Charlotte, N.C. — The question Justin Thomas faced seven months ago was how to follow a season that featured five PGA Tour victories, his first major championship, the FedEx Cup and all the awards that go along with the best year in golf.

One solution was to avoid comparisons along the way, which was never going to be easy.

Quail Hollow presents one of those challenges.

Thomas played nine holes Tuesday with Tiger Woods, Bryson DeChambeau and Dru Love. It was the first time he set foot on Quail Hollow since the PGA Championship, when he holed a 15-foot putt on the first hole of the final round to escape with bogey, watched a birdie putt hang on the edge of the cup at No. 10 for the longest time before dropping, chipped in for birdie on the 13th hole and hit the best shot of his life — a 7-iron on the par-3 17th — for a birdie that clinched his first major.

These are memories, and how he plays this week at the Wells Fargo Championship has no bearing on what he accomplished last summer.

On the table as he spoke was his phone, the only place he keeps his goals. Thomas doesn’t share them until the season is over, and if they’re anything like a year ago, they can be as specific as being among the top 30 in scrambling and as general as making the Ryder Cup team.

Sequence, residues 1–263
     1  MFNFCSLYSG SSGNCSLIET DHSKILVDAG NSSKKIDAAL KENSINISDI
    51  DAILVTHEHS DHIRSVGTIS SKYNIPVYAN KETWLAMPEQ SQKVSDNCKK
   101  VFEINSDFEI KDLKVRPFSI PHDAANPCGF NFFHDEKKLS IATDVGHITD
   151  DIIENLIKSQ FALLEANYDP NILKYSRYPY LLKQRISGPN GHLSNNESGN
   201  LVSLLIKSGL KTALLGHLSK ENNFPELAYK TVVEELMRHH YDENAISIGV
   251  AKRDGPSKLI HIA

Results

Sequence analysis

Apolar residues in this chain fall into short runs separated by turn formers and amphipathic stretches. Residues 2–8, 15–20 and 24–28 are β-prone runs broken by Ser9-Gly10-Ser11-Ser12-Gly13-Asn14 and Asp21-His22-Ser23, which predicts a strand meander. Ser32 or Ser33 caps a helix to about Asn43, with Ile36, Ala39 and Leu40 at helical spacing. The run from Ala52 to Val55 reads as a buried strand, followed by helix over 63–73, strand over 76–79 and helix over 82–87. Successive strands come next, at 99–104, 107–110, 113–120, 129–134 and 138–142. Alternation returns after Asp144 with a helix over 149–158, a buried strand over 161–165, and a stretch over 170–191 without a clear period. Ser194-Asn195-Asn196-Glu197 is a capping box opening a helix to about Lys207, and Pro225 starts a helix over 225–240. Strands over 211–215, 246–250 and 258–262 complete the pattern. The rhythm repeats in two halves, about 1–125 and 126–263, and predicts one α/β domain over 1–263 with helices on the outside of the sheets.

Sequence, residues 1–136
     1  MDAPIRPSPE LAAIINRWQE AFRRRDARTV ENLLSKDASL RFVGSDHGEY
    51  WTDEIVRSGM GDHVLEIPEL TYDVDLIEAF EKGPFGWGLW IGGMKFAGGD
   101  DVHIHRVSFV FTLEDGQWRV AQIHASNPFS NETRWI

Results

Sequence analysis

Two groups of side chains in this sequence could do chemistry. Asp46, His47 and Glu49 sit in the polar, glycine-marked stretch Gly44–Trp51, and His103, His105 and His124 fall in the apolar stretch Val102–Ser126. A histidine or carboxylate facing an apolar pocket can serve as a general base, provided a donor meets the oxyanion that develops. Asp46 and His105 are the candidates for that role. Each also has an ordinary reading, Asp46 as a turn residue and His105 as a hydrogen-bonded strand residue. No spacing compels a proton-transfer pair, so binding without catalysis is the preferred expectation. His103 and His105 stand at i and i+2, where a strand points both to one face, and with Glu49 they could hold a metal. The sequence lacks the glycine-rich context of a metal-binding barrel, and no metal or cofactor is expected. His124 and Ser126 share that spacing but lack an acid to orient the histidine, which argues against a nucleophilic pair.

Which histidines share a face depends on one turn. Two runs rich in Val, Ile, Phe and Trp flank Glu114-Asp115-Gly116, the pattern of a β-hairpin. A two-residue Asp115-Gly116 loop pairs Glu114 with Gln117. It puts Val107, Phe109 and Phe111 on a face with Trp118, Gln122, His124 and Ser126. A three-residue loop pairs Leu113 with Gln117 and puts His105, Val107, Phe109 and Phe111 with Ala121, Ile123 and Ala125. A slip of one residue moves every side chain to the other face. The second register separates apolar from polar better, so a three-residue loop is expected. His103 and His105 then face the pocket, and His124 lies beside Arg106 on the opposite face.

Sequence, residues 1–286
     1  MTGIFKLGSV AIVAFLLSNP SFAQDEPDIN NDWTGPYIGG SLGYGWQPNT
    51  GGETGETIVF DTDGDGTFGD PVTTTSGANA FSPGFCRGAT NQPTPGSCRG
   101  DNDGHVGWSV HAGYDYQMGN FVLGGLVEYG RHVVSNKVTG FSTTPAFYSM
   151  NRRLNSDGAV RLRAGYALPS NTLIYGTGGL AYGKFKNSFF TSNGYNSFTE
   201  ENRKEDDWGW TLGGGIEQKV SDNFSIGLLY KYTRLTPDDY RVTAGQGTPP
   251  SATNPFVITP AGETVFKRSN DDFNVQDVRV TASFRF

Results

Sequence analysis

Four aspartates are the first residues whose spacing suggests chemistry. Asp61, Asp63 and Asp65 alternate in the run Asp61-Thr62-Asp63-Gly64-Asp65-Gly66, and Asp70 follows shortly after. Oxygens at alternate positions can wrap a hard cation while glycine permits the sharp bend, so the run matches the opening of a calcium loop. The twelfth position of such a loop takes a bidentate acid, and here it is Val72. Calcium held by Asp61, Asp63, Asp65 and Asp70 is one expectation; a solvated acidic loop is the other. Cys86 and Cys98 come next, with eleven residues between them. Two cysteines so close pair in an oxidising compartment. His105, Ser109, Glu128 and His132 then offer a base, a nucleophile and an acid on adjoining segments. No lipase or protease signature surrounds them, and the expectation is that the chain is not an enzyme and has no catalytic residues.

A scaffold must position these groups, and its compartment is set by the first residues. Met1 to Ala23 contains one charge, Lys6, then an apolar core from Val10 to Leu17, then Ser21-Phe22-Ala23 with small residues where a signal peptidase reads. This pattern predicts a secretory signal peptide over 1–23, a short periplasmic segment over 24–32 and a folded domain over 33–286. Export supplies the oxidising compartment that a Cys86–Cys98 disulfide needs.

One objective drives him.

“Make my bad golf better,” he said.

The encore to last year cannot be measured because Thomas still has the more important half of the season ahead of him, which includes three majors and the FedEx Cup playoffs. But there already is proof that he is backing it up just fine.

For starters, Thomas is second in the Vardon Trophy to Dustin Johnson, the world’s No. 1 player, but maybe not for long. Thomas gets his third chance to move to No. 1 in the world this week, most likely needing around 12th place to overtake Johnson, who is not playing at Quail Hollow.

What gets Thomas even more excited are his finishes — not just the victories at the CJ Cup in South Korea last fall or the playoff he won at the Honda Classic, but the tie for 22nd at Kapalua at the start of the year. It’s his worst finish in his 10 individual events he has played.

The bad golf isn’t bad at all.

“I’m so much more consistent this year, which I really like,” Thomas said. “That’s what I’ve wanted to do this year. Get my bad golf better. No missed cuts. Have a chance to win more tournaments. Living around the top 10 is something Tiger did for a long time. He always had chances to win tournaments, and if he didn’t, he was always around, always on that first page of the leaderboard.”